In Poulis v. State Farm Fire and Casualty Co. , 747 F.2d 863 (3d Cir. 1984), the United States Court of Appeals for the Third Circuit set forth the following six factors to be considered: (1) the extent of the party's personal responsibility; (2) the prejudice to the adversary caused by the failure to meet scheduling orders and respond to discovery; (3) a history of dilatoriness; (4) whether the conduct of the party or attorney was willful or in bad faith; (5) the effectiveness of sanctions other than dismissal, which entails an analysis of alternative sanctions; and (6) the meritoriousness of the claim or defense. Id. at 868. However, " Poulis did not provide a magic formula whereby the decision to dismiss or not to dismiss a plaintiff's complaint becomes a mechanical calculation easily reviewed by" the Court of Appeals. Mindek v. Rigatti , 964 F.2d 1369, 1373 (3d Cir. 1992). Indeed, the Court of Appeals for the Third Circuit has recognized that "not all of the Poulis factors need be satisfied in order to dismiss a complaint. See C.T. Bedwell & Sons, Inc. v. Int'l. Fidelity Ins. Co. , 843 F.2d 683, 696 (3d Cir. 1988). Instead, the decision must be made in the context of the district court's extended contact with the litigant."

Id.

This Court now applies the six Poulis factors to the matter at issue.

(1) The extent of the party's personal responsibility.

Petitioner is proceeding in this matter pro se . The responsibility for his failure to respond to the orders in question and/or to keep the Court informed of his current address is Petitioner's alone.

(2) Prejudice to the adversary.

There is no indication that Respondents have been prejudiced by Petitioner's failures.

(3) A history of dilatoriness.

Petitioner has failed to obey court orders and failed to keep the Court informed of his current address. Petitioner's failures are sufficient evidence, in this Court's view, to indicate that he does not intend to proceed with this case in a timely fashion.

(4) Whether the party's conduct was willful or in bad faith.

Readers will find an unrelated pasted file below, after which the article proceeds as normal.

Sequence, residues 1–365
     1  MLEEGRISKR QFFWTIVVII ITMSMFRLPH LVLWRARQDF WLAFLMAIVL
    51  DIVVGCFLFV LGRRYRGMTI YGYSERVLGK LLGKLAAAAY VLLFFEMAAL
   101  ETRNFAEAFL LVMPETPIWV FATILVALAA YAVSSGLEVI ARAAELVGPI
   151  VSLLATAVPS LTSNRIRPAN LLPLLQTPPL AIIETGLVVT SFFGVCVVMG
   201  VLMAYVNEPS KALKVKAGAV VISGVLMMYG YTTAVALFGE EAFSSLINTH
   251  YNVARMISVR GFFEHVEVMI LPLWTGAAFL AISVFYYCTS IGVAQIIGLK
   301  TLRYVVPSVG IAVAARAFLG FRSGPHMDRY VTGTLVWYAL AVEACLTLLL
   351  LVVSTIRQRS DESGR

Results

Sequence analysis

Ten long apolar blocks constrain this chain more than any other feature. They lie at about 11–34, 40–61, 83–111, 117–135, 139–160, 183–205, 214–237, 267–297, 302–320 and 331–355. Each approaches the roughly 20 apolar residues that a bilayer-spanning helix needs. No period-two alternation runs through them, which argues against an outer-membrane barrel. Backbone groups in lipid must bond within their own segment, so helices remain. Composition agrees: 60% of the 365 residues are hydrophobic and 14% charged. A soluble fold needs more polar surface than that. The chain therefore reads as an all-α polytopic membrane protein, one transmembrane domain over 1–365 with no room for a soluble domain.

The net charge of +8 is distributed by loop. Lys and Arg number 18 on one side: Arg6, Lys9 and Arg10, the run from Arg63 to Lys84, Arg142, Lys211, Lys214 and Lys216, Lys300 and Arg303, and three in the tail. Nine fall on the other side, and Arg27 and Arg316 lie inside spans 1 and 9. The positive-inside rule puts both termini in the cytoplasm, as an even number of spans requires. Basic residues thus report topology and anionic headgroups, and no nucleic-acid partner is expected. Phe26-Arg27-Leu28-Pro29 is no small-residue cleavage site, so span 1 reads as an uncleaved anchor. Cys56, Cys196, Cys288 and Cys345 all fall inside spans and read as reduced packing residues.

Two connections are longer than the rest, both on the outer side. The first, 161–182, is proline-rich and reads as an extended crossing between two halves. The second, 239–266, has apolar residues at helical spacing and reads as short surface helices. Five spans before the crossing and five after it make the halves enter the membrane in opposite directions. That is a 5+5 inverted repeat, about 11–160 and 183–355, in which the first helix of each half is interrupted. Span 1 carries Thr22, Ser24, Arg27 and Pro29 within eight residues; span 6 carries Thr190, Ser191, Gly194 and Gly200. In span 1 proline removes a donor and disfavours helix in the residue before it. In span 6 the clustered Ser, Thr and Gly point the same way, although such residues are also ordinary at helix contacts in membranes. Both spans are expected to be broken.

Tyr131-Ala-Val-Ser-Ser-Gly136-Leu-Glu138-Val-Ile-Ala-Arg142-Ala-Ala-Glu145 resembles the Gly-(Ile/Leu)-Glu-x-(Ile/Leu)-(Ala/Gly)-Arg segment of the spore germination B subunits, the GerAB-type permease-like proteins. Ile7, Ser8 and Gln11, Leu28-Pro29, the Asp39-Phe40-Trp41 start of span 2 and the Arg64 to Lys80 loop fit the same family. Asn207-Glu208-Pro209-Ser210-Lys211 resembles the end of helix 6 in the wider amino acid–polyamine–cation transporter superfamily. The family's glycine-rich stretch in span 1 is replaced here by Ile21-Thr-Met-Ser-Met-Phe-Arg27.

There is no indication on this record that Petitioner failures were the result of any "excusable neglect, " Poulis, supra .

(5) Alternative sanctions.

Petitioner is proceeding pro se and has not responded to the Court's orders and has not kept the Court informed of his current address. It is not clear that any sanction other than dismissal will properly redress Petitioner's conduct.

(6) Meritoriousness of Petitioner's case.

It is difficult to assess the meritoriousness of Petitioner's claims at this early stage but absent the ability to communicate with Petitioner, which cannot be accomplished without his current address, even a meritorious claim cannot proceed.

In light of the foregoing, we find that the Poulis factors weigh in favor of dismissal. Consequently, this Court recommends that Petitioner's case be dismissed with prejudice for his failures to comply with the orders of this Court and for failing to keep the Court informed of his current address.

III. CONCLUSION

For the reasons set out in this Report and Recommendation, it is respectfully recommended that Petitioner's case be dismissed with prejudice.

In accordance with the Magistrate Judges Act, 28 U.S.C. ยง 636(b)(1), and Local Rule 72.D.2, the parties are permitted to file written objections in accordance with the schedule established in the docket entry reflecting the filing of this Report and Recommendation. Objections are to be submitted to the Clerk of Court, United States District Court, 700 Grant Street, Room 3110, Pittsburgh, PA 15219. Failure to timely file objections will waive the right to appeal. Brightwell v. Lehman , 637 F.3d 187, 193 n. 7 (3d Cir. 2011). Any party opposing objections may file their response to the objections within fourteen (14) days thereafter in accordance with Local Civil Rule 72.D.2.


Buy This Entire Record For $7.95

Official citation and/or docket number and footnotes (if any) for this case available with purchase.

Learn more about what you receive with purchase of this case.